Boy’s Own snapshots, Hugh Roberts

Imperial Vistas Family Fictions
Kendrick Smithyman
Auckland University Press, $24.95,
ISBN 186940274X

Last Poems 
Kendrick Smithyman
The Holloway Press, $65,
ISBN 095823132X

It’s an interesting parlour game to speculate how New Zealand’s literary history might have changed had Kendrick Smithyman rather than the slightly younger James K Baxter been Allen Curnow’s last-minute discovery when in 1945 he put together his landmark A Book of New Zealand Verse. It is, in some ways, hard to imagine two more different poets. Curnow – perhaps regretting the “hope for the future” gloss he had given Baxter in the introduction to that collection – compared the two to Smithyman’s advantage in the introduction of his later anthology, The Penguin Book of New Zealand Verse (1960). By then, what Curnow valued in Smithyman were his “conscious pains and anxieties over words and meanings”, elements that contrasted sharply with Baxter’s sometimes too-facile oracularity.

Smithyman – largely an autodidact – remained throughout his life one of the most intellectually curious, engaged, and unabashedly philosophical of New Zealand poets. By the same token, though, Curnow recognised that Smithyman’s cerebral and sometimes frustratingly hermetic poetry could be offputting: “Smithyman can obscure his [purpose] by elaborate solicitude, by what may seem a complex system of outworks round his fragment of truth.” Curnow reluctantly conceded, therefore, that even if “Smithyman is the most interesting and original of the younger New Zealand poets [it] is no less obvious … that James K Baxter will continue to enjoy the widest repute in his native land.” But would that have been the case if Smithyman had been given the prominence of Baxter’s position in the 1945 Caxton anthology? Anthologies, after all, form tastes as much as they reflect them.

Whatever the case, it remains true that Smithyman occupies a curious position in New Zealand’s literary pantheon (no doubt a curious enough place itself). He is, in some ways, our least easily classified poet. This may be as much a generational matter as anything to do with the qualities of his writing. Born in 1922, he was a half-generation younger than the poets who would make the vexed problems of New Zealand’s national and political identity the defining issues of the 1930s and 40s. Coming of age as a poet in the 1950s, Smithyman – rather like Louis Johnson in this, if little else – lies somewhat awkwardly in the trough between that great wave of New Zealand poetic ferment and that of the 1960 and 1970s to come. Unlike his near-contemporaries Baxter, Alistair Te Ariki Campbell, and Hone Tuwhare, Smithyman did not learn the trick of seeming cool or vital to that younger generation. By the 1960s he was, as he would remain, a respected figure, but one slightly apart – not at the centre of literary trends or debates.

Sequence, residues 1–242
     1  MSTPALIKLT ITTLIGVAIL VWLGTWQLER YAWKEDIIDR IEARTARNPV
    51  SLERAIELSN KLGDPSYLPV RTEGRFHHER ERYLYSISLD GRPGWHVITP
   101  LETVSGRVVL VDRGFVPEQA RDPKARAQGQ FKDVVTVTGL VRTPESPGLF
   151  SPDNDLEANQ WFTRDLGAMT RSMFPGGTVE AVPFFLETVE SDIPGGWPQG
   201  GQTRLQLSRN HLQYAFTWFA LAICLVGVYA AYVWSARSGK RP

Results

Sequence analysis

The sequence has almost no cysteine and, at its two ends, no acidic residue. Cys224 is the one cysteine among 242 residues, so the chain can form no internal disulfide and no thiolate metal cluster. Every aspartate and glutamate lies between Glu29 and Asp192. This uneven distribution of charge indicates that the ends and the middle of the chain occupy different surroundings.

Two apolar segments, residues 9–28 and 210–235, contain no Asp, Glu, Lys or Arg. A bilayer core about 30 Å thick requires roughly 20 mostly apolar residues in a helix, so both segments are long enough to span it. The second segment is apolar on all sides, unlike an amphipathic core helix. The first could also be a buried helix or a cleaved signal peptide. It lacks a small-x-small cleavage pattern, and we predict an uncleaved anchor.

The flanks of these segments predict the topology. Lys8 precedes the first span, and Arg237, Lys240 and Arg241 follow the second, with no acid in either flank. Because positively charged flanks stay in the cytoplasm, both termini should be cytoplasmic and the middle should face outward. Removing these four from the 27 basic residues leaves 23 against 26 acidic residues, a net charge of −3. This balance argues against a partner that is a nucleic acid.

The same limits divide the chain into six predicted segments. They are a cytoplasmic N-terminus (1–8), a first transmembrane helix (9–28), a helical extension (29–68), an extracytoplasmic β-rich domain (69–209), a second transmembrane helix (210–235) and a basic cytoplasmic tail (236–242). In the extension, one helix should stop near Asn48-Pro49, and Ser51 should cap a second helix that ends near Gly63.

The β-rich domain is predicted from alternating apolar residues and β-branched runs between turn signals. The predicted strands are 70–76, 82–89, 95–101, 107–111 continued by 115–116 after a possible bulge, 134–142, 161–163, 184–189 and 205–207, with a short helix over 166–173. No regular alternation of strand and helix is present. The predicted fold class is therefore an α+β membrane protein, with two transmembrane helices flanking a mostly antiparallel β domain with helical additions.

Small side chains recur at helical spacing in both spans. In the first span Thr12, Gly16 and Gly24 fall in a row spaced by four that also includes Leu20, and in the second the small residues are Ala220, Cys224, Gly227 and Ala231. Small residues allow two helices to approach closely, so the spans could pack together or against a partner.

Not that Smithyman’s poetry remained unchanged. Over the years his poetry became less hermetic, less egregiously obscure. It is ironic, indeed, that his greatest achievements would be a string of poems in the 1970s and 1980s that took up questions which might have seemed right at home in Curnow’s 1945 anthology: mappings of place and identity. In a poem like “Tomarata” from 1974, Smithyman explores a small area of Northland landscape as an unstable meeting ground of subjectivity, culture, history, and geography. The poem reaps the full benefits of those “conscious pains and anxieties over words and meanings” recognised by Curnow; Smithyman’s language is nervously alive to the difficulty of constructing a verbal map of such unstable landscapes:

Shoreline, regardless of being defined
by reeds, is uncertain. The same maps will
contest its scope. Only
the name is constant, or perhaps what
ever (you might say) was the heart of it
if talking thus were not plainly
alien, to an event in terrain
which may know about physical reason,
nothing readily about feeling.
Tomarata is the name
for which the lake, reserved to
its own logic, has no word. Needs none.


In a poem like this, or 1985’s “Reading the Maps: An Academic Exercise”, Smithyman’s complex philosophical concerns (like many of his poems, these are full of allusions to Wittgenstein and Heidegger) and his other “elaborate solicitudes” surround a subject matter which rewards us for struggling through the poem’s “outworks”. The off-kilter enjambments in the passage above, for example, which force us constantly to reassess and rethink the sentence we’re moving through encourage a wary apprehension about language not merely for its own sake, but because Smithyman wants to awaken a similar wariness about the ways we take the landscapes we move through – and define ourselves in relationship to – for granted.